IntroductionCase file: Espri 2P
Multiple personality disorder is characterized by the presence of two or more distinct or split identities or personality states in a single individual. Espri 2P’s parents, Nemo Equipment, referred her to me for review. What I found was a traditional two-person double-wall tent with a trail weight of 3.74 pounds (1.7 kg) that thinks she is also a fast and light dry-weather tent that has a trail weight of 3.48 pounds (1.58 kg), and yet also a luxury/wet weather tent coming in at 4.27 pounds (1.94 kg) of trail weight.
Amazingly, I determined that Espri 2P IS all three tents. As Nemo has waived the Patient Privacy Act in this case, feel free to peruse my findings.
|Year/Manufacturer/Model||2010 Nemo Espri Two-Person Tent|
|Style||Three-season, two-person, double-wall tent.|
|Fabrics||Fly: 30D PU/silicone coated nylon +DWR 1500mm
Floor and lower walls: 30D PU coated nylon +DWR
Upper walls: 20D no-see-um mesh
|Poles and Stakes||Poles: 2x DAC 8.5 mm NSL Featherlite poles, total weight 13.6 oz (386 g)
Stakes: 8x 6.3 in (16 cm) aluminum X stakes, total weight 3.2 oz (91 g)
|Dimensions||Length Listed: 86 in (218 cm)
Width Listed: Head 52 in (132 cm)
Inside Height Listed: 40 in (102 cm)
BPL Verified Accurate
|Packed Size||7 x 19 in (18 x 48 cm)|
|Total Weight||Listed Weight: 3.8 lb (1.7 kg)
BPL Measured Weight: 3.92 lb (1.78 kg) includes vestibule & door
|Trail Weight||With UL Fly door only: 3.48 (1.58)
With Standard Vestibule (and 4 stakes): 3.74 (1.70)
With Trekking Pole Vestibule (and 4 stakes): 4.27 (1.94)
|Protected Area||Floor Area Listed: 28 ft2 (2.6 m2)
Standard Vestibule Area: 8 ft2 (0.74 m2)
|Protected Area/Trail Weight Ratio||9.63 ft2/lb (1.96 m2/kg)|
|Options||Trekking Pole Vestibule: $99.95 (15.5 oz/439 g)
Design and Features
Top Left: The Nemo Espri uses clips to make set-up easy. The upper mesh walls make for great ventilation, while the lower solid nylon blocks ground level winds and blowing dirt, sand, or snow. Top Right: A wide door opens almost the entire front of the tent. There is room for two standard width sleeping pads. Bottom Left: Shown with the standard vestibule attached, the fly has curved sections removed from the sides and back to cut weight. Bottom Right: Even with the gear loft in place I have plenty of head room. Thanks for the T-shirt, Nemo!
While I enjoy having fun with the intro, I have to say that the Espri 2P, and its big sister the Espri 3P (not reviewed) are truly multiple tents in one package. Well, multiple vestibule treatments, to be honest.
The Espri uses a common X-ed crossing pole design. The poles are factory bent at the back to make it steeper at the rear of the tent to add room. The inner tent clips to the poles with a single DAC H-clip and fourteen pole clips. The body has a bathtub floor that's made of 30 denier polyurethane coated nylon. It would seem at first glance that Nemo expects the Espri to handle rains of biblical proportions as the “tub” part goes way up the sides of the tent as can be seen in the pictures. This is common to a few of their tents, more in just a second. (No, don’t skip forward... ) Above the side walls is no-see-um mesh for ventilation and weight reduction.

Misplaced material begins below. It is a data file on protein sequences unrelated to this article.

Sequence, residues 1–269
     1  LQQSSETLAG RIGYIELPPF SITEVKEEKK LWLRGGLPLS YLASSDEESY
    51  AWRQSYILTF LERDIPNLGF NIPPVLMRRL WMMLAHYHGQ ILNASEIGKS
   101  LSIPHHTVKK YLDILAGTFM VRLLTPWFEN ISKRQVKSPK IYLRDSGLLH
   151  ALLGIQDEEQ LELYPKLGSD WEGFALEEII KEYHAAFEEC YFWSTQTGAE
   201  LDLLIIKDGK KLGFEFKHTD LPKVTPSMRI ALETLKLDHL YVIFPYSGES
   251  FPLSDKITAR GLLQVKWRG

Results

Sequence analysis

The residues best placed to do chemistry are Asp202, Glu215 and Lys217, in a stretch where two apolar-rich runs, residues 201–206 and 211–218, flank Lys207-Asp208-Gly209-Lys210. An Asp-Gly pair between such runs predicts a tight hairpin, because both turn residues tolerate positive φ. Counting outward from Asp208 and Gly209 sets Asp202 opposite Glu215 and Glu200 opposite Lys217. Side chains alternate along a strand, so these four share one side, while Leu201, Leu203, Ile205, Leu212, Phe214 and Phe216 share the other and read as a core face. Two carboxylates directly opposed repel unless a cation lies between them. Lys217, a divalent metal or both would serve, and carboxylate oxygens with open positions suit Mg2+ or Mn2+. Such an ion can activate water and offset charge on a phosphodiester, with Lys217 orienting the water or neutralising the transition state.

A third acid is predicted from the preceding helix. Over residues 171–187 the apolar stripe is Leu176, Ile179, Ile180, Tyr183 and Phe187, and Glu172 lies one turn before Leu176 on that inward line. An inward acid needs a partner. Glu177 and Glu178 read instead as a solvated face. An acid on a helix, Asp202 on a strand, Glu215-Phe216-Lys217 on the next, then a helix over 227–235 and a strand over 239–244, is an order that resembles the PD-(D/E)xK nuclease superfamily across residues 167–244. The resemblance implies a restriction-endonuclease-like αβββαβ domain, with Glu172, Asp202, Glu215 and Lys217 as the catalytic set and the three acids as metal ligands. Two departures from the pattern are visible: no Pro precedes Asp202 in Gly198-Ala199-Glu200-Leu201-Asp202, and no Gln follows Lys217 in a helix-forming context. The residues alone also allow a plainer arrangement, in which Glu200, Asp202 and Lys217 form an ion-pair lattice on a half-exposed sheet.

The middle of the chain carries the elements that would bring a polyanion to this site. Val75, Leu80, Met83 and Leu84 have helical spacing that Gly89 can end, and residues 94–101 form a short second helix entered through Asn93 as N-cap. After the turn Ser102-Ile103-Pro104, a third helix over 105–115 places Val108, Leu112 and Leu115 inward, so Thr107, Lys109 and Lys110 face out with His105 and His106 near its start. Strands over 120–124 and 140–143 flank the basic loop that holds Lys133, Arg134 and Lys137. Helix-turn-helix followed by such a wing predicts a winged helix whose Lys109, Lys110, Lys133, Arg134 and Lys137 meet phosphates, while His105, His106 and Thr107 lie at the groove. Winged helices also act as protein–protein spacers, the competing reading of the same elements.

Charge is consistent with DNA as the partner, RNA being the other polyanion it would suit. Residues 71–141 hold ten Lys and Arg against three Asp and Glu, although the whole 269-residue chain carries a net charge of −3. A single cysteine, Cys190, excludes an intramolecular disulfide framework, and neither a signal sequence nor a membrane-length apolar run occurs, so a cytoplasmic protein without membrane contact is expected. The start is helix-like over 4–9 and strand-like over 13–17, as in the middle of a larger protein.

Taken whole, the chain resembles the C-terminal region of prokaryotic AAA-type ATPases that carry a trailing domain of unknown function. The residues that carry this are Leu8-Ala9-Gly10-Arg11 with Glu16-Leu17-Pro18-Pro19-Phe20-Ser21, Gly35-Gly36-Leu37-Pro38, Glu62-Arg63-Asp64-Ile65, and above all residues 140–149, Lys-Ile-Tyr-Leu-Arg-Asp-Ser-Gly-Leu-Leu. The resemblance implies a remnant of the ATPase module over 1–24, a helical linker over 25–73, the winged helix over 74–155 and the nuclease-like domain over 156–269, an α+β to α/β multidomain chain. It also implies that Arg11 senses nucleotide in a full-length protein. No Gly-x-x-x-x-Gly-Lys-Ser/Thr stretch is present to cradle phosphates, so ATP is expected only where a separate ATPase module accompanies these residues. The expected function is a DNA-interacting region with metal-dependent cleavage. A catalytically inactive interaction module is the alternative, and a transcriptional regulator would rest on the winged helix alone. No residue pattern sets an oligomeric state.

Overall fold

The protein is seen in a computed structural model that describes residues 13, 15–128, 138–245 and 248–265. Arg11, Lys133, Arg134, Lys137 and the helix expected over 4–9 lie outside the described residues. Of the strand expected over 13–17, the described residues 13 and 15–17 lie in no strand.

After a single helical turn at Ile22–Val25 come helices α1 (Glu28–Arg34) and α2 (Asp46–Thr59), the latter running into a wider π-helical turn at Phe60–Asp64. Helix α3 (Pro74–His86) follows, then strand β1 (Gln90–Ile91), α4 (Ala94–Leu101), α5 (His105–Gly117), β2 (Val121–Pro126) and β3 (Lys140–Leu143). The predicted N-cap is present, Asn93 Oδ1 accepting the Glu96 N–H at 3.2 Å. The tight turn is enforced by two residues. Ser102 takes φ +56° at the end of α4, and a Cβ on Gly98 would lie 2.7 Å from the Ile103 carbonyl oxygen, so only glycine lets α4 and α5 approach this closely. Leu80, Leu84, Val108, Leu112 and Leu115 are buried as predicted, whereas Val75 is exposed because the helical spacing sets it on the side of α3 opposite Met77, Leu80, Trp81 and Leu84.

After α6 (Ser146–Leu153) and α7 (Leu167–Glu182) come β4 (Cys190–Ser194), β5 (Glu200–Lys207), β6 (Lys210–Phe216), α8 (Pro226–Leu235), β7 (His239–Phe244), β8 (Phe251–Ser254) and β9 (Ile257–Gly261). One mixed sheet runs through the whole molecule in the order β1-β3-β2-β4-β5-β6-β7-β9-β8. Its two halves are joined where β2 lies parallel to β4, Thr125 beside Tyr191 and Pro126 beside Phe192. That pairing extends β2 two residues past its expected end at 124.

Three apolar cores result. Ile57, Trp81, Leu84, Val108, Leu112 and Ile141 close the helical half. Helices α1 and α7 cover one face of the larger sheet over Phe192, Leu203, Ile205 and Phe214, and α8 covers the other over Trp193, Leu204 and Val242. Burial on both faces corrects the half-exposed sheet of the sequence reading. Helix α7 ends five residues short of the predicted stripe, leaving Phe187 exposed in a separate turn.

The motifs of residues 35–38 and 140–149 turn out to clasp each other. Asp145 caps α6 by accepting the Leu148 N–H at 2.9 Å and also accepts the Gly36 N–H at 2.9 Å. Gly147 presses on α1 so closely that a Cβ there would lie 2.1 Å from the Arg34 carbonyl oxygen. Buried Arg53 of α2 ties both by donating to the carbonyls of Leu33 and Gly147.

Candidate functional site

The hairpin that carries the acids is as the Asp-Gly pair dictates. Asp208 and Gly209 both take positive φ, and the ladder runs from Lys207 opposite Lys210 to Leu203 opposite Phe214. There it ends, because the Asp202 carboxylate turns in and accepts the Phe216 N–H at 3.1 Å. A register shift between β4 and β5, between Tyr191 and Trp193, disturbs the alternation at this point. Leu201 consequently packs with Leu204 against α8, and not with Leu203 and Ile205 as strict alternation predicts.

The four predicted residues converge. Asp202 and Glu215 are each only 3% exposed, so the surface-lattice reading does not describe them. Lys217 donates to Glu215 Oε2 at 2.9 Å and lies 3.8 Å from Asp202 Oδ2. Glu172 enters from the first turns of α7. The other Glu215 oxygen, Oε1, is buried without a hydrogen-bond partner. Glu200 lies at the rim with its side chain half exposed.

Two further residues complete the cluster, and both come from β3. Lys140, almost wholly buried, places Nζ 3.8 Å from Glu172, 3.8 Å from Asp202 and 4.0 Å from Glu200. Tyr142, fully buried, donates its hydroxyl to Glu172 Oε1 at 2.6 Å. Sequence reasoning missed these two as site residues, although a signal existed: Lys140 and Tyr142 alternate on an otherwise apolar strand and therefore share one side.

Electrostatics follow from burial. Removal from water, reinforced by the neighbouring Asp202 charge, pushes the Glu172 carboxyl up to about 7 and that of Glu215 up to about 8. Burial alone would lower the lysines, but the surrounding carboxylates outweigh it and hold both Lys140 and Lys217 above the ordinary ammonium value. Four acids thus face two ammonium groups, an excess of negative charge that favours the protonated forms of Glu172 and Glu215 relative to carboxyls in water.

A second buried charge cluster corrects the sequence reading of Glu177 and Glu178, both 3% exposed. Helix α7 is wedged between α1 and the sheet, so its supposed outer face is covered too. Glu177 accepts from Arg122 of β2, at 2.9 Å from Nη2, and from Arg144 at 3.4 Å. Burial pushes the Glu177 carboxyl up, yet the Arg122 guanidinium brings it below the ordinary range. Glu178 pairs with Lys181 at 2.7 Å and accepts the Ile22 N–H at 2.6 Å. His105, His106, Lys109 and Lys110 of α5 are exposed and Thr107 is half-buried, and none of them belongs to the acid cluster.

The Espri has a single front entry door that almost opens completely. For some reason, Nemo chose to start the zipper that opens the door eight inches (20 cm) away from the corner and end it a little bit up once it has made its journey around the opening. Personally I would like to see it start all the way to the side. Inside the tent we find a small hanging mesh storage pocket on the side wall, and looking up we find a pretty cool suspended gear loft. The loft slides up and down to either offer more space for storage or head room for sitting up. I have to admit that I was mainly soloing with the Espri, and while I played with it on one trip, I then took it off to save weight. Fortunately, that is quite easy to do.
Left: The Espri has a long gear loft that slides up and down in the center to let it be adjusted for head space and for the amount of storage space desired. It also removes completely if not needed. Top Right: A large protected hooded vent offers excellent ventilation and air movement. Bottom Right: The DAC Jake's Feet holds the end of the pole and the fly which clips on to the end of the foot.
The outer fly sits on top of the poles and we now see why the sides of the floor go up so high. Nemo has cut the fly down to save weight. Catenary curves are cut into the bottom of the fly. These arcs just come down over the mesh portions of the inner walls. Guy points at the center of the arcs allow the fly to be pulled out to allow ventilation and give strength. The fly can be clipped to the inner at the apex of the catenary curves. As this is tied into the guy point when the guy-lines are deployed it adds to the room inside the tent by pulling out the sides a bit. Nemo calls these volumizing vents. A very nice touch (which I wish more manufacturers would emulate) is the hooded vent at the top rear of the fly that allows air movement and draw. The vent is held open by a tensioned wire at the edge. It is not closable, something to consider in high wind conditions.
Last but certainly not least in the Espri’s case is the vestibule, or lack thereof. Nemo includes a 7.1-ounce (201-g) standard vestibule easily recognizable to those of us accustomed to front entry tents. The vestibule zips onto the fly running around the outside of the door track and snaps to the tent at the bottom and top center if so desired. Two stakes are used to pull it out, forming a small but adequate vestibule. The vestibule can be opened from either side or both sides at the same time.